Author Topic: The Best Books About Jacksonville  (Read 1914 times)

bl8jaxnative

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Re: The Best Books About Jacksonville
« Reply #15 on: November 25, 2020, 09:03:53 AM »

I would recommend AGAINST Mann's streetcar book. It's plagued by gross inaccuracies and too often resorts to speculation and ideology instead of historical facts.

thelakelander

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Re: The Best Books About Jacksonville
« Reply #16 on: November 25, 2020, 09:08:46 AM »
I have a copy of it. What are some of the gross inaccuracies?
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bl8jaxnative

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Re: The Best Books About Jacksonville
« Reply #17 on: November 25, 2020, 09:38:20 AM »

The most glaring one is his embrace of the GM streetcar conspiracy theory crap.  His yammering about GM, Flxble + Twin Coach is beyond inaccurate.  It's the transportation history equiv of some  old man spouting some claim about the election being stolen from Trump.  Sad stuff as far as historical accuracy ( total lack of it ).  Very sad.

He seems ignorant to the history of the bus. 

"  In 1920, only 16 traction companies operated supplement bus service, but by 1928, some 361 were offering these exhaust-spewing vehicles".

In 1920 buses would've been brand new and tiny.   For example Twin Coach wasn't founded until 1927.   Mann either doesn't understand this or, worse, has no interest in sharing this with the reader for important context.

The "exhaust-spewing" crap is , well, crap.  It's ideological coloring, not history.   He does often falls into that sort of puerile zealotry with this like "The eradicators continued their work...."

tufsu1

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Re: The Best Books About Jacksonville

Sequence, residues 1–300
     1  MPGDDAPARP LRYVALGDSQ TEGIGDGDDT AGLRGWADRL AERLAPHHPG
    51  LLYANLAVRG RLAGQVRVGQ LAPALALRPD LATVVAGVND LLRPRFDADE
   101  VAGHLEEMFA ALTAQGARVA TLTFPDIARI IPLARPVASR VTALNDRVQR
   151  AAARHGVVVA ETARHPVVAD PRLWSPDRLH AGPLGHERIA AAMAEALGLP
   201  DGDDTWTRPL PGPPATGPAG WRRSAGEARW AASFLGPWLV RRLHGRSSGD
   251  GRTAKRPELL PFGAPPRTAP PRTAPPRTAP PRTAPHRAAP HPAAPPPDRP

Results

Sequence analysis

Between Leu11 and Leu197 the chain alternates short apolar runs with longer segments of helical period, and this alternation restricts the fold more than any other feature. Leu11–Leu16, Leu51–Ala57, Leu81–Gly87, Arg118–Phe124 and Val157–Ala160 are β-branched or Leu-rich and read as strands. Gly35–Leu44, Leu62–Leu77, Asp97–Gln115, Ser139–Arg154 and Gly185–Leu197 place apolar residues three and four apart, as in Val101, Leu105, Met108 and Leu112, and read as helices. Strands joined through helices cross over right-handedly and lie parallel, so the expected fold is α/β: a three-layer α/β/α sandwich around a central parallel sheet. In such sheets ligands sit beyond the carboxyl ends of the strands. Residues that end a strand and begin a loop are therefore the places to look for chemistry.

« Reply #18 on: November 25, 2020, 11:40:16 AM »

The most glaring one is his embrace of the GM streetcar conspiracy theory crap. 

so you're saying GM didn't fund a company that bought streetcar lines - and then converted them to bus routes?

Tacachale

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Re: The Best Books About Jacksonville
« Reply #19 on: November 25, 2020, 04:16:10 PM »

I would recommend AGAINST Mann's streetcar book. It's plagued by gross inaccuracies and too often resorts to speculation and ideology instead of historical facts.

I’m sure we’ll all take that under advisement.
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bl8jaxnative

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Re: The Best Books About Jacksonville
« Reply #20 on: December 09, 2020, 01:15:54 PM »

The most glaring one is his embrace of the GM streetcar conspiracy theory crap. 

so you're saying GM didn't fund a company that bought streetcar lines - and then converted them to bus routes?

GM did not fund a company that bought street car lines.  It owned part of National City Lines.   NCL was founded ~15-20 years after the first streetlines + even entire systems in America were replaced by buses in the 1920s.  At it's peak around WWII NCL owned all or part of @4 dozen of the ~800 streetcar and interburban systems that existed in the US.

GM built diesel engines.  GM had bought EMD.    It would've been just as much, if not more, GM's financial interest to push and sell lower volume, higher margin streetcars.  It would've complimented their EMD diesel-electric locomotive business and dovetailed perfectly with building diesel engines for industrial uses.  There are historically known players in the streetcar market but not major players.  GM could've easily owned the it.

GM didn't get into the bus manufacturing business until WWII.

Streetcar lines were serverely handicapped by fare limitations cities put on them.  Streetcar lines frequently got exclusive franchises and use of city right of way for free, at least day to day free.  They were commonly obligated to maintain the street on and inbetween their rails.  Between high operating costs, fares kept artificially low by cities and the inability to raise capital, they switched to buses.  Most  of them, like Jacksonville's did it long before NCL was a twinkle in Sloan's eye.